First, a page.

In an ideal world, the British & Irish Lions would beat the Springboks playing the sort of expansive rugby that put the South African provincial franchises to the sword earlier in this tour.
No one wants to unleash the Lions more than Warren Gatland but alas for their head coach, Cape Town Stadium will not play host to such a spectacle in this Saturday’s third and final Test because playing the Springboks there is no license to thrill.
That the Lions have not fired their best shot or shown their true potential in this Test series as the cream of the talent available in England, Ireland, Scotland and Wales, is as frustrating for Gatland as it is for the legion of supporters confined to their home countries on this Covid-era tour.
Just one try from a driving maul finished by Luke Cowan-Dickie in the opening rubber 11 days ago is all the Springboks have allowed the tourists as their defensive prowess and clinical eye for making the most of their opportunities has been the difference so far.
The Lions head coach does not believe Jacques Nienaber’s team of world champions are under any obligation to shift their approach if it means abandoning their ability to win Test matches the way they do with remarkable efficiency and effectiveness.
“I don’t think they care, I just think they want to win,” Gatland said in an online media session with travelling rugby writers in Cape Town. “It’s the thing about international rugby, I always say there’s no in-between, it’s agony or ecstasy. Often it’s not about how you play, it’s just about the result at the end of the day.
“We’re in a cup final at the moment and we want to play with some tempo and play some rugby but we’ve also got to be smart in terms of doing that. If they’re going to kick the ball as much as they do and try and scrummage and drive lineouts and slow the game down then sometimes you’ve just got to weather that and you’ve got to just wait for those opportunities. Or sometimes you’ve just got to get into a little bit of the same sort of battle and wait until you get the right bounce of the ball or the right chance to take your opportunity.”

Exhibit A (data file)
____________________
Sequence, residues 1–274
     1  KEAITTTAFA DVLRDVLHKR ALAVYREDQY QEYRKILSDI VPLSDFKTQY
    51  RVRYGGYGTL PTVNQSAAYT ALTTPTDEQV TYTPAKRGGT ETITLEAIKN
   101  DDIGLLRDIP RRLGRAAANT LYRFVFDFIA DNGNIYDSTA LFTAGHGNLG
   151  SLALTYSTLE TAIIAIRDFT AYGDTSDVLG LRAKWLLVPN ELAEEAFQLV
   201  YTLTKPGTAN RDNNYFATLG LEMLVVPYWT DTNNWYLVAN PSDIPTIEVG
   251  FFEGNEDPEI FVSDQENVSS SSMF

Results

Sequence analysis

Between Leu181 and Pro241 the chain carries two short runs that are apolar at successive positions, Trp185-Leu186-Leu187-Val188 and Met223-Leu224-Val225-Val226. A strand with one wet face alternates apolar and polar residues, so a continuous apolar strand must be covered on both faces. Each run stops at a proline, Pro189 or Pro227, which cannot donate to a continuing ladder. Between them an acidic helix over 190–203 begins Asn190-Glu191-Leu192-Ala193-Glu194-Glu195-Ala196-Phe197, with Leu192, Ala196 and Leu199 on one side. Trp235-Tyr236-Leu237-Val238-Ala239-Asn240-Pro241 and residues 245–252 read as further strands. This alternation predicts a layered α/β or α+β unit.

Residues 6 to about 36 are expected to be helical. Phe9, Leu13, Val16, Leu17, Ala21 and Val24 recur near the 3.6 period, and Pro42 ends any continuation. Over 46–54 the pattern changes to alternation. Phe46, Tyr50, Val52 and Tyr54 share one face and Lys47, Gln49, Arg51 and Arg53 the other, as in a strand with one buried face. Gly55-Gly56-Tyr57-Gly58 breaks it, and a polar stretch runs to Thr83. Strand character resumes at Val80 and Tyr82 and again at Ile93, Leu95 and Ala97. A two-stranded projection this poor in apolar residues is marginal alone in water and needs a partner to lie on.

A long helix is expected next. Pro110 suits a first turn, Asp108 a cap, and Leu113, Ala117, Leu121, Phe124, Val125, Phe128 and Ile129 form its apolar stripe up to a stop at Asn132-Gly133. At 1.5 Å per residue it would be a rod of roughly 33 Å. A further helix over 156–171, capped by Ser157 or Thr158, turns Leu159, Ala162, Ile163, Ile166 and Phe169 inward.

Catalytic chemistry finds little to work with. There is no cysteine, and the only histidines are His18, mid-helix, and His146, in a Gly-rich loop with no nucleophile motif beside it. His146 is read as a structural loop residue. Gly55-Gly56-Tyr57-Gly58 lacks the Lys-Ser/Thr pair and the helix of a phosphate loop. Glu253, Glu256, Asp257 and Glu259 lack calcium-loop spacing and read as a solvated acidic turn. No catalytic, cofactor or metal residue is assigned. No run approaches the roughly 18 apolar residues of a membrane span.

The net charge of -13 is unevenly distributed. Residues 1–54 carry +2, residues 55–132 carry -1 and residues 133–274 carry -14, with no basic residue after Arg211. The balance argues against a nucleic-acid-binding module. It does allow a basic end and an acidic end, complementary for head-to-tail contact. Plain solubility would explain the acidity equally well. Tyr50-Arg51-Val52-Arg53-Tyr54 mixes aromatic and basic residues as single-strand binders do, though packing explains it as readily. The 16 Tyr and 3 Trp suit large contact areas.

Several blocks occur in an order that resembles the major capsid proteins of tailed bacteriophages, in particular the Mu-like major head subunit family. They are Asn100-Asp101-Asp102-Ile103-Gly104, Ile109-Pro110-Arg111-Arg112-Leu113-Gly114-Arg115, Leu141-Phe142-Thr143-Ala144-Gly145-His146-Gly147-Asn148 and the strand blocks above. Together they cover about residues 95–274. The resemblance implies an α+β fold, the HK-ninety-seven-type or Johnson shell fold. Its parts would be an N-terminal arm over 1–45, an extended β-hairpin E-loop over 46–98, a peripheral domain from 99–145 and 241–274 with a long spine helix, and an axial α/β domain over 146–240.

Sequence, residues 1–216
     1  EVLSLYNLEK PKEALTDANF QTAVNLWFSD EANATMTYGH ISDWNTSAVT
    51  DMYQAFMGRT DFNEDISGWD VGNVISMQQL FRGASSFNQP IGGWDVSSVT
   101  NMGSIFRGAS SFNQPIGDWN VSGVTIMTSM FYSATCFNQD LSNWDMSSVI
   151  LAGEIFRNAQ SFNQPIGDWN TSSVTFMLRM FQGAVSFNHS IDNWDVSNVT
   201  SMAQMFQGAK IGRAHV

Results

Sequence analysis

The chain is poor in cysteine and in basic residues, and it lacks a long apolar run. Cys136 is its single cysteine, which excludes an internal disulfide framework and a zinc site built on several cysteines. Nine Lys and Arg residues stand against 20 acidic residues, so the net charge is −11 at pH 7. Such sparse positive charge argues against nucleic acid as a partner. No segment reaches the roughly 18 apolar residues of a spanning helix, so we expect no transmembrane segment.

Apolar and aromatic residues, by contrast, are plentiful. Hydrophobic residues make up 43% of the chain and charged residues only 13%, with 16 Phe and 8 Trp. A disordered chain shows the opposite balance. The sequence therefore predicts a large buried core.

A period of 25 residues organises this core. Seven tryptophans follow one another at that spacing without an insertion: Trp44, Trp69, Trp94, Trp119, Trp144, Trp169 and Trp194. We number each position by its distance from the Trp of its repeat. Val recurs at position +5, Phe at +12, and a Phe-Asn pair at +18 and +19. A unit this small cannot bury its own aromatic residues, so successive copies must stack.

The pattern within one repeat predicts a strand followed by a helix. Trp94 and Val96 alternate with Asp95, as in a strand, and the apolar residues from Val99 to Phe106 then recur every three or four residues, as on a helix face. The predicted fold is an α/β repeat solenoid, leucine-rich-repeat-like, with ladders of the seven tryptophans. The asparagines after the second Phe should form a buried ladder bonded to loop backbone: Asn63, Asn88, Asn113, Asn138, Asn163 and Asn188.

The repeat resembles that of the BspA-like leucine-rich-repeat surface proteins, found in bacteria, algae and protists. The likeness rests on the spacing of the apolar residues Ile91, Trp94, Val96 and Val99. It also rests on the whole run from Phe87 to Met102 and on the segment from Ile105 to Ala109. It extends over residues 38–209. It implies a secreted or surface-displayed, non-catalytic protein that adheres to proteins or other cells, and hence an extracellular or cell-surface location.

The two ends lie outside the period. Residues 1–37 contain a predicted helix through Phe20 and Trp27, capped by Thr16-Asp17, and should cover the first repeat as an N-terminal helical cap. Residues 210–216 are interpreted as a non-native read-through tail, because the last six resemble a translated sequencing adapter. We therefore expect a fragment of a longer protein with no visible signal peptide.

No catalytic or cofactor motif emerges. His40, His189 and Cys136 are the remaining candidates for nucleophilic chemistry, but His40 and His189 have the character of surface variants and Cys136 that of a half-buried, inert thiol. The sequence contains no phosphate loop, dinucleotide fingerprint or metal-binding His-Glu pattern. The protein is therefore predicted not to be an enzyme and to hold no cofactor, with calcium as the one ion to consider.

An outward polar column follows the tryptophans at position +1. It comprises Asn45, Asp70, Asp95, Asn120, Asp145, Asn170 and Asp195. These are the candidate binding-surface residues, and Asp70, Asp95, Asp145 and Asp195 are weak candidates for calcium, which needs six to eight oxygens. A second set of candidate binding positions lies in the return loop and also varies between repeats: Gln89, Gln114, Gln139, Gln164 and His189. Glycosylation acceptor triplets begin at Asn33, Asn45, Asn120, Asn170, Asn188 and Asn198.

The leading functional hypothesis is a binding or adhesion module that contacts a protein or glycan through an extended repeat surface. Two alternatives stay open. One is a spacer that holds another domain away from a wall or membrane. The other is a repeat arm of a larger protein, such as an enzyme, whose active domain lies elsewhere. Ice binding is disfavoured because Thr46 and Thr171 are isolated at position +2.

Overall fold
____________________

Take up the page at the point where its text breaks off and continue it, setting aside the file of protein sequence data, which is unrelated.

So unless there is some remarkable sea-change between now and Saturday evening, it will just not be possible to release the shackles without dire consequences and that, Gatland believes, is an indicator of where the don’t-lose-at-all-costs international game is right now.
“I think some of those lead-up games, we played some really good rugby. It is just a bit frustrating because you want to go out there and keep the ball but often with those sorts of things you need both teams to be on the same page in terms of that.
“The example is where the international game is at the moment.
“We saw how South Africa won the World Cup, and they won the World Cup through their kicking game. And, in 2019 during that whole year, the only team that they lost to in 2019 were the All Blacks and the All Blacks kicked more than South Africa. Every other team that they played and won they kicked more than the opposition so that’s kind of where the game is at the moment.
“It is about territory and kicking in and putting kick pressure on, not playing too much rugby.
“They don’t want lots of phases at breakdowns because every breakdown is a 12 per chance of a turnover. You get to the next phase, it’s a 24 per cent chance and the next phase is a 36 per cent chance.
“Those are the sorts of things and stats people are looking at and you’re just limiting the percentages.
“And if you are South Africa and you have got physical men, who can scrummage and can maul and defend well and have their kicking strategy then they are a hard team to knock over and probably the one team that’s got the ability to really unlock them with the players that they have is probably the All Blacks.
“Everyone else who plays against them, you are in a tight battle and an arm wrestle.”
Gatland will try his hardest to impress upon the match officials in the Lions’ pre-Test meeting with France’s Mathieu Raynal and his team, the need to avoid a repeat of the 63-minute first half and 53-minute second period that managed to rustle up just 31 minutes of ball-in-play time in a game disrupted by flare-ups between the teams, TMO referrals and, in the Lions’ view, Springbok time-wasting.
“We definitely want to go out there… we talk to the referee and talk about keeping the game and the flow of the game going and getting some tempo and hopefully creating some chances and potentially tiring them out when they make changes and trying to exploit the chances that we get given for us and making sure that we are more clinical.”